Way back in 1977, Ridley Scott made his auspicious debut with the expertly staged period movie The Duellists, the story of a series of duels fought between rival officers in Napoleon’s army. The reason for those duels? Twas a slight supposedly received by Harvey Keitel’s thin-skinned Gabriel Féraud from the aristocratic Armand d’Hubert (Keith Carradine).
Carradine is dogged throughout the years by the obsessive (and, truth be told, extremely irritating) Keitel, who can’t really recall why the feud began, but is obviously jealous of his opponent’s social ease and charm. The picture was based on a Joseph Conrad novella which had its origins in real life:
In The Encyclopedia of the Sword, Nick Evangelista wrote:
As a young officer in Napoleon’s Army, Dupont was ordered to deliver a disagreeable message to a fellow officer, Fournier, a rabid duellist. Fournier, taking out his subsequent rage on the messenger, challenged Dupont to a duel. This sparked a succession of encounters, waged with sword and pistol, that spanned decades. The contest was eventually resolved when Dupont was able to overcome Fournier in a pistol duel, forcing him to promise never to bother him again.
Their first duel in 1794 resulted in Fournier demanding a rematch, which amazingly led to at least another 30 clashes over the next 19 years.
Film Alex (Repo Man) Cox slated The Duellists as ‘outtakes from Barry Lyndon‘ , but the movie has become a firm favourite with film-lovers.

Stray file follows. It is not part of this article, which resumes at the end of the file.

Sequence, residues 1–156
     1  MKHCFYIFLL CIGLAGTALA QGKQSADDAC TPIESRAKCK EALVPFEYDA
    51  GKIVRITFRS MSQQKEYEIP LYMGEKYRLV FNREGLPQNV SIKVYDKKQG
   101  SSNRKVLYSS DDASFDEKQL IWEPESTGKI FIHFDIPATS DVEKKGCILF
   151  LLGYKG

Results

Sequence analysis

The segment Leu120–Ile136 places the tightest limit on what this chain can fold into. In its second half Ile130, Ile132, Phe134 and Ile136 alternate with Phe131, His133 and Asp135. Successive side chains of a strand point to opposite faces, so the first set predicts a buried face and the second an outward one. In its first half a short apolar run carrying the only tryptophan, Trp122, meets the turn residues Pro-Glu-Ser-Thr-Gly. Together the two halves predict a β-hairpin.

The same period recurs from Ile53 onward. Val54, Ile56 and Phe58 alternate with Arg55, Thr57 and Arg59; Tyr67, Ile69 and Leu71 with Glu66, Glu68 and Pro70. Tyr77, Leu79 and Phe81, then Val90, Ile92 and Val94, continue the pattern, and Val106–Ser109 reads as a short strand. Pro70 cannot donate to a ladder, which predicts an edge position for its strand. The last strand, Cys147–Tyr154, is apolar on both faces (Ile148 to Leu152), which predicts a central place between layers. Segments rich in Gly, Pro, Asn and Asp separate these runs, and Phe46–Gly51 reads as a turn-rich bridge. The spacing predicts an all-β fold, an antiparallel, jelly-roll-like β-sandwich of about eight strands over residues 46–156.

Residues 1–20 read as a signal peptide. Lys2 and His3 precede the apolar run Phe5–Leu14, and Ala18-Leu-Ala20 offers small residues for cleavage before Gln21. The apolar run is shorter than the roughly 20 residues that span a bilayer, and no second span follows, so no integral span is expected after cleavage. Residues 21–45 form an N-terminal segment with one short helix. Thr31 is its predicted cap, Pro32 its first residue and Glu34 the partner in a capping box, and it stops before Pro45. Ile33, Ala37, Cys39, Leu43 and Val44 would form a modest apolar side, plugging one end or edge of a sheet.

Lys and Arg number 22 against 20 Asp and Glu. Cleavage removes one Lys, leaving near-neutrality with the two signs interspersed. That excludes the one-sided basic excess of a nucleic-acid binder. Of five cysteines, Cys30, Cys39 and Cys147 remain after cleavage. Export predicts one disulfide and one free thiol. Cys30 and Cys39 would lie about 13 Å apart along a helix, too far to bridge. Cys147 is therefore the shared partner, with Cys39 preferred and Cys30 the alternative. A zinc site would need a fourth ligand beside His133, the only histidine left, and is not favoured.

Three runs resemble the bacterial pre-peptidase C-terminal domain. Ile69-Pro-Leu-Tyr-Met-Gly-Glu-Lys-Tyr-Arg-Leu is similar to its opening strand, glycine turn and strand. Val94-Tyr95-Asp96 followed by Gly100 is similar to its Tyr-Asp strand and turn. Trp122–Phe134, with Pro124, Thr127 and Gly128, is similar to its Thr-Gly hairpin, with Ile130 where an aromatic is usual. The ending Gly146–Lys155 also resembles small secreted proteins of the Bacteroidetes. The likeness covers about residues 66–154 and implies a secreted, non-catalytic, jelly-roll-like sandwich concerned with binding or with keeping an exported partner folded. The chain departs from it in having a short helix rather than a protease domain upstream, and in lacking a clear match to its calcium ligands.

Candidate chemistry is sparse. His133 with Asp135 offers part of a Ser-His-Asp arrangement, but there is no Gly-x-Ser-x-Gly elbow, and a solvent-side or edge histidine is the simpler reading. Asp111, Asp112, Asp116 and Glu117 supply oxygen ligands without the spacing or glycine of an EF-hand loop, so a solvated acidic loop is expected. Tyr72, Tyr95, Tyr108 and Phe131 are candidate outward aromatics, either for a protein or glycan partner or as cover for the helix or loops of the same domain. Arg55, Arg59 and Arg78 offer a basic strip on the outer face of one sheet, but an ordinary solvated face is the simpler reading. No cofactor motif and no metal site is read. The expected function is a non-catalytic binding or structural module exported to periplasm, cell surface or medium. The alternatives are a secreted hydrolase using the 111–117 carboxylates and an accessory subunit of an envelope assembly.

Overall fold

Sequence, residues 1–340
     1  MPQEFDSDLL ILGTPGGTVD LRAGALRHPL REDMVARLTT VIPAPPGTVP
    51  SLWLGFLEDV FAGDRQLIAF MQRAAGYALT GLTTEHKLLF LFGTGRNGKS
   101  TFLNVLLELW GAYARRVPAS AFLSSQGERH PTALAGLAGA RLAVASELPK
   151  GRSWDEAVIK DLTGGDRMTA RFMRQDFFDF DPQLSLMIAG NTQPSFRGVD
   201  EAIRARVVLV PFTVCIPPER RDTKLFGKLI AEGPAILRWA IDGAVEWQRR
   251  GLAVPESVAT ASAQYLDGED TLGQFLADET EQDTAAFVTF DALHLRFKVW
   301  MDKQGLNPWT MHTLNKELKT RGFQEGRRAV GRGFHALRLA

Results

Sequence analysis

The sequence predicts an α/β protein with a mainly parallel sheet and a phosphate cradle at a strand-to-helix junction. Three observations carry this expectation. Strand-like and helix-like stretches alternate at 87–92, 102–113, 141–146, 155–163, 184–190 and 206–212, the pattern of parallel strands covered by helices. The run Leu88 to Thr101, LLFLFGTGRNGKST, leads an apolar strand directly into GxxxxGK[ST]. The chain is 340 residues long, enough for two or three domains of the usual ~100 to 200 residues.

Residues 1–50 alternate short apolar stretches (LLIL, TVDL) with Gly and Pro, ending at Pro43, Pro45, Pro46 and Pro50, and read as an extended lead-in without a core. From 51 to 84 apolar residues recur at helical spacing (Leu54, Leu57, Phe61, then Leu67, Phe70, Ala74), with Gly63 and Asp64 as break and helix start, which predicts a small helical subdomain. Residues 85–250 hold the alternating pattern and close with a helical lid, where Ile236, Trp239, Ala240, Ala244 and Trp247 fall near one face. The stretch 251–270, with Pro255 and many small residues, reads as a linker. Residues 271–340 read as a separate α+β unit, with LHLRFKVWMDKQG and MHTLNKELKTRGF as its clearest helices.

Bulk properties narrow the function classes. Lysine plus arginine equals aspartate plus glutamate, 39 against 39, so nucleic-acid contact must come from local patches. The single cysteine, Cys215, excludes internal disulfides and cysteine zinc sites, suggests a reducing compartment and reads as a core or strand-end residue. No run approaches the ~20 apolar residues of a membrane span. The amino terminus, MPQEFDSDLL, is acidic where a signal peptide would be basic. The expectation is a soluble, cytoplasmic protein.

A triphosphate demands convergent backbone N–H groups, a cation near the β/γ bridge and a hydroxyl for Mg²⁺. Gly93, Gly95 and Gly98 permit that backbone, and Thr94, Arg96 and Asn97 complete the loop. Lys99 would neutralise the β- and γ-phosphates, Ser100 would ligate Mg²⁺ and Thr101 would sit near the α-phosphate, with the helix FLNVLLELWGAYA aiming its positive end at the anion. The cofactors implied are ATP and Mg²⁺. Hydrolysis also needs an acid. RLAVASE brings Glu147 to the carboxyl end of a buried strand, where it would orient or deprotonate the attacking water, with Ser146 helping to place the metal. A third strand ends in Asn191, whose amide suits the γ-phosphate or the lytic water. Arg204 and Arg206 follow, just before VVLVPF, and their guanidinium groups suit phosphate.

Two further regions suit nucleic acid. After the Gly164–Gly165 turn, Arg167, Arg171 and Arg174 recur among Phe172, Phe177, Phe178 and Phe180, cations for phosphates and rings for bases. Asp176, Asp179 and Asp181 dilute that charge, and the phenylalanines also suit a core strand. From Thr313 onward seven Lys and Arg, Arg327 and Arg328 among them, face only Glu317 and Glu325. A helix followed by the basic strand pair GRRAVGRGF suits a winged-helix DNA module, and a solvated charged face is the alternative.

In 2020 Scott returns to this scenario with The Last Duel, based on the last officially recognized judicial duel fought in France in 1389. The trial by combat involved the knight Jean de Carrouges and squire Jacques Le Gris, who Carrouges had accused of raping his wife.
Adapted by Matt Damon and Ben Affleck, the movie boasts an all-star cast, including the aforementioned duo as well as Jodie (Killing Eve) and Adam Driver. Damon plays the knight, Driver the squire accused of raping his wife (Comer). The movies are part of a long tradition of period pictures where dueling is a key element, here’s a few to whet your appetite:
THE FOUR MUSKETEERS (1974):
LA REINE MARGOT (1994):
THE MARK OF ZORRO (1940):
THE PRISONER OF ZENDA (1952):
THE PRINCESS BRIDE (1987):
TOMORROW AT DAWN (2009):
Other more contemporary movies with a ‘duel’ theme include (naturally enough) Spielberg’s Duel (1971), Frankenheimer’s The Fourth War (1990), Enemy At The Gates (2001), The Prestige (2006) and American Sniper (2014). And of course, the great Western duels, such as Once Upon a Time in the West, The Quick & The Dead, Open Range, Vera Cruz, The Wild Bunch, Magnificent Seven and many others.
And finally the many duels in submarine vs surface ship/submarine movies such as The Enemy Below, The Bedford Incident, Above Us The Waves and Murphy’s War…
Here are some more clips:
OPEN RANGE (2003):
VERA CRUZ (1954):
THE APPALOOSA (2008):
MURPHY’S WAR (1971):
ENEMY AT THE GATES (2001):
THE FOURTH WAR (1990):